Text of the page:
The saying goes it’s about the journey not the destination, right? On that criteria alone, the best diner in the world is located in rural western New York.
You really need to be in the know and have true breakfast passion to make your way to Cartwright’s Maple Tree Inn. It’s only open from the beginning of February through the beginning of April. The closet cities are Buffalo and Rochester… and each manages to be about an hour and a half away. If it wasn’t for a PBS breakfast special, this wouldn’t have even been on my radar.
Angelica, N.Y. isn’t the easiest place to locate and the limited months open only make Cartwright’s more dificult to reach. Rest assured that after you get off I-90, you’ll get your share of rural New York roads. At least the hours of operation (9-8p Tu-Fr / 8-8p Sat /8-6p Sun) give plenty of leeway for travel time.
Once at the Maple Tree Inn, you’ll luckily avoid a wait. This place is huge. There’s every type of seating imagineable, a gift shop and a sizeable waiting area inside. The Maple Tree Inn also grows and makes all its own maple syrup so there’s no telling if parts of that process are housed somewhere on the grounds. The decor matches the trip and the homegrown approach perfectly with woodworking and kitchen knick-knacks all over.
By this point in the reiew, you’re probably wondering if all the trials and tribulations to find the Maple Tree Inn are worth it. Well, the menu is limited. There are some non-breakfast items (burgers, sandwiches) but the center piece is pancake. All breakfast combos are some type of meat with unlimited pancakes (yep, unlimited pancakes) for under $10. I opted for two meats with the pancakes for just $7.50. The meats are pretty standard – hearty, slightly greasy and nothing special. The pancakes are unique though. The Maple Tree Inn uses buckwheat which results in a lighter pancake with slight grain flavor. When you combine it with the pure maple (far more viscous than store-bought syrup, less sugary) it’s an entirely different flavor profile than your average pancake. I felt I had to eat enough to make the trip worth it, but if this place was local buckwheat pancakes would become a craving every now and then. The pure maple milkshakes on the other hand would become a regular routine (unbelievable, perfect thickness and not overly sweet).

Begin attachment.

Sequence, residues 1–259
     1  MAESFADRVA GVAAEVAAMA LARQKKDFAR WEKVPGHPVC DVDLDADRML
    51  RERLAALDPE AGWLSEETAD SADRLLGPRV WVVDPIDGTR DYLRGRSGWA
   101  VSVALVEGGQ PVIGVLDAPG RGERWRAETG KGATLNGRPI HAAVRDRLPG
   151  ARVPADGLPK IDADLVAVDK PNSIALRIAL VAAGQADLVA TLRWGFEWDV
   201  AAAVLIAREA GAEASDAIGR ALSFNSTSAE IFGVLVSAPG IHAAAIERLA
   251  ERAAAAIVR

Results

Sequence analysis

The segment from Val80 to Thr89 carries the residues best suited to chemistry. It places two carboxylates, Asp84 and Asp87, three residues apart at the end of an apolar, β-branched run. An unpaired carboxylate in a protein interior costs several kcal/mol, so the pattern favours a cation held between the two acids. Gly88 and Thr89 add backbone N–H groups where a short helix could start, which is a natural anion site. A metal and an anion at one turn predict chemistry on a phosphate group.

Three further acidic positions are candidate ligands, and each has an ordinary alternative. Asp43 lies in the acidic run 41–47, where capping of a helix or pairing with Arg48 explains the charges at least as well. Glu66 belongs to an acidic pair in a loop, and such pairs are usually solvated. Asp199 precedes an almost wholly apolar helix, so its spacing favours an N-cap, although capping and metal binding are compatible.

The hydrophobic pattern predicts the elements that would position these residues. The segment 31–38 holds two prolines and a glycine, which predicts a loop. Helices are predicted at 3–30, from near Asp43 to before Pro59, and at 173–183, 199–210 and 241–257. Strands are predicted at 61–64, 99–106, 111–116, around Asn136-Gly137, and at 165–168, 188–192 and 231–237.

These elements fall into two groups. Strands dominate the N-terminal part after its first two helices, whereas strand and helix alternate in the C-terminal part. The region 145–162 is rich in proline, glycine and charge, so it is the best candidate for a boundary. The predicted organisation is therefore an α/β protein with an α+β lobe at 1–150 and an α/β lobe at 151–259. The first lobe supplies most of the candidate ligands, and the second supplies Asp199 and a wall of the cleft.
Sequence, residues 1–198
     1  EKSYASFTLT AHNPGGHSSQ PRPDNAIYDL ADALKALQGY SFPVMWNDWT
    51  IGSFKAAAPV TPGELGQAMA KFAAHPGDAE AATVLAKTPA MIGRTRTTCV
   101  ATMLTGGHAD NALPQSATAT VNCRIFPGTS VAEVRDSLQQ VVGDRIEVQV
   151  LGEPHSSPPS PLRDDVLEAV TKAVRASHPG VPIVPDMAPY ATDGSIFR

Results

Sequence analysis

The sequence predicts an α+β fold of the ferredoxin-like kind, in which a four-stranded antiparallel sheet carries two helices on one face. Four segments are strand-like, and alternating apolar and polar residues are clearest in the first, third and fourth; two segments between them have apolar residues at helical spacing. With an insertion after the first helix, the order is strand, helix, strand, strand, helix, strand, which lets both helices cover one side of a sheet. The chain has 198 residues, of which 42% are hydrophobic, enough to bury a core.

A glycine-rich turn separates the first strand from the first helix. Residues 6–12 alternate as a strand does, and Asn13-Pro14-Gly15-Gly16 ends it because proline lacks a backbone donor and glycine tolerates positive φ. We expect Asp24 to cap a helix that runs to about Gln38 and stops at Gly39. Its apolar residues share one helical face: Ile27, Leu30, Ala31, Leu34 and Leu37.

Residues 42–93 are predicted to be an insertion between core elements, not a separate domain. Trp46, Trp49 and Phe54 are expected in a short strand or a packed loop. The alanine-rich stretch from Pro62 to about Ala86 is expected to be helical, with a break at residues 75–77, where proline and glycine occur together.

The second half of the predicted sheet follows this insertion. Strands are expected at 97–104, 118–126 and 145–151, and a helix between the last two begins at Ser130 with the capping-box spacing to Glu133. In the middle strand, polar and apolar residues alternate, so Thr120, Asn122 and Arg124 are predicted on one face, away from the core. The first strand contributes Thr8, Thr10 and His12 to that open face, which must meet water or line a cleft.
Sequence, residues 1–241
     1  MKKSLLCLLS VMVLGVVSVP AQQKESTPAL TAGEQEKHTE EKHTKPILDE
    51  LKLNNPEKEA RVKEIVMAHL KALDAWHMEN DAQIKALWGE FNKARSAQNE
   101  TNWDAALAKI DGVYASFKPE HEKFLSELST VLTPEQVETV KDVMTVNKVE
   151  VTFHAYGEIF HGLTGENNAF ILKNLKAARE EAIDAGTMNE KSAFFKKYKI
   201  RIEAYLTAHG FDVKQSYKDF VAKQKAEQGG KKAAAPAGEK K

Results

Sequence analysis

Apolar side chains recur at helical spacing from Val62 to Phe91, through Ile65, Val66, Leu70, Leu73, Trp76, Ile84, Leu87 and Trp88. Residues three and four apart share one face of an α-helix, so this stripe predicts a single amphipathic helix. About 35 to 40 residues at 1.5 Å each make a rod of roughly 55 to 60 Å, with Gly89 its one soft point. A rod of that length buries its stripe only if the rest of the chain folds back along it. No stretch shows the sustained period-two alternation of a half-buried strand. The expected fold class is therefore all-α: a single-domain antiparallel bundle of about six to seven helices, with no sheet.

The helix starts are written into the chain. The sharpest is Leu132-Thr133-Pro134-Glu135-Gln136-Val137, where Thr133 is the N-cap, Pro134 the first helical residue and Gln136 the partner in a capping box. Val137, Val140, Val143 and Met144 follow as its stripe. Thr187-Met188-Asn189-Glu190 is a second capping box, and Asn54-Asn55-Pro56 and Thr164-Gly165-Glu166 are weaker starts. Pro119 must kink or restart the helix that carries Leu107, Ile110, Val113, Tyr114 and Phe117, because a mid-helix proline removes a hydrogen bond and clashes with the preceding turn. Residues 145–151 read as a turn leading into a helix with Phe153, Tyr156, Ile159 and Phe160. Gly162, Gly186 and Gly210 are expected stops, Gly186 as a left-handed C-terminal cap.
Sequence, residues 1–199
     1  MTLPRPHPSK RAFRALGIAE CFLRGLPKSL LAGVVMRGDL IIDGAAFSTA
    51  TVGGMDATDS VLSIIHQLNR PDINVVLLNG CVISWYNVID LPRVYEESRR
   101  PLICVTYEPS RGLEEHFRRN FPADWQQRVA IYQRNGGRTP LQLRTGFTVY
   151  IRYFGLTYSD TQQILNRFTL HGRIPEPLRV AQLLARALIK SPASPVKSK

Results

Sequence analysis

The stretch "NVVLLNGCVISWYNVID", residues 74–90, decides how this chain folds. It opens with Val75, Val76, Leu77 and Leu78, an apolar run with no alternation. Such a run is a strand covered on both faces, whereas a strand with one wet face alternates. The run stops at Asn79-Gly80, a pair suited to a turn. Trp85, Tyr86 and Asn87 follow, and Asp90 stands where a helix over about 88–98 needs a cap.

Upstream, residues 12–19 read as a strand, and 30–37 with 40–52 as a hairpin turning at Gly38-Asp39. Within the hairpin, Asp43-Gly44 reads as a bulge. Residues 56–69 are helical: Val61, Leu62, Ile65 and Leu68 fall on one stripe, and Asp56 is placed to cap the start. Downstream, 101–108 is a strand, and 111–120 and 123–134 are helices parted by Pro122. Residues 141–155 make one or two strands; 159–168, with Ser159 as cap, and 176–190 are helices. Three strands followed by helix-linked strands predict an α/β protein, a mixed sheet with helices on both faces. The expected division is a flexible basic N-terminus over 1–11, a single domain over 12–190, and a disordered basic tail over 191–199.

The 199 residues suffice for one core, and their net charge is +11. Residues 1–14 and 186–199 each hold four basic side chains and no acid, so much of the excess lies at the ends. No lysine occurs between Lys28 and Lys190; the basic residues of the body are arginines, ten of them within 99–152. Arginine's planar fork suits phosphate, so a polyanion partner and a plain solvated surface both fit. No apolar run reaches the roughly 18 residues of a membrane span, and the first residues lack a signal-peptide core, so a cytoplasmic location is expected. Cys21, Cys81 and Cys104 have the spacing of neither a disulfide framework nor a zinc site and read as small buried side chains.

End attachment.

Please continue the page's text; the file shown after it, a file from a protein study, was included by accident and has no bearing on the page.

The experience of finding and reaching Cartwright’s Maple Tree Inn was an adventure any New York State breakfast enthusiasts should certainly try. With all the lure around it and the effort it takes, I’m not sure the food at Cartwright’s could ever win visitors over 100 percent. However, if you had buckwheat pancakes, pure maple and those milkshakes at your disposal down the street, you’d certainly have a regular rotation breakfast place. It’s all in the journey, and that’s the only piece that holds Cartwright’s back from being a diner to visit regularly.
The Final Tab
Pros: High adventure potential, great space, solid and unique food, unlimited portions
Cons: Higher prices than expected, hard travel, very limited seasonal opening
Three Out Of Five (Basic combo | It’s OK – try it.)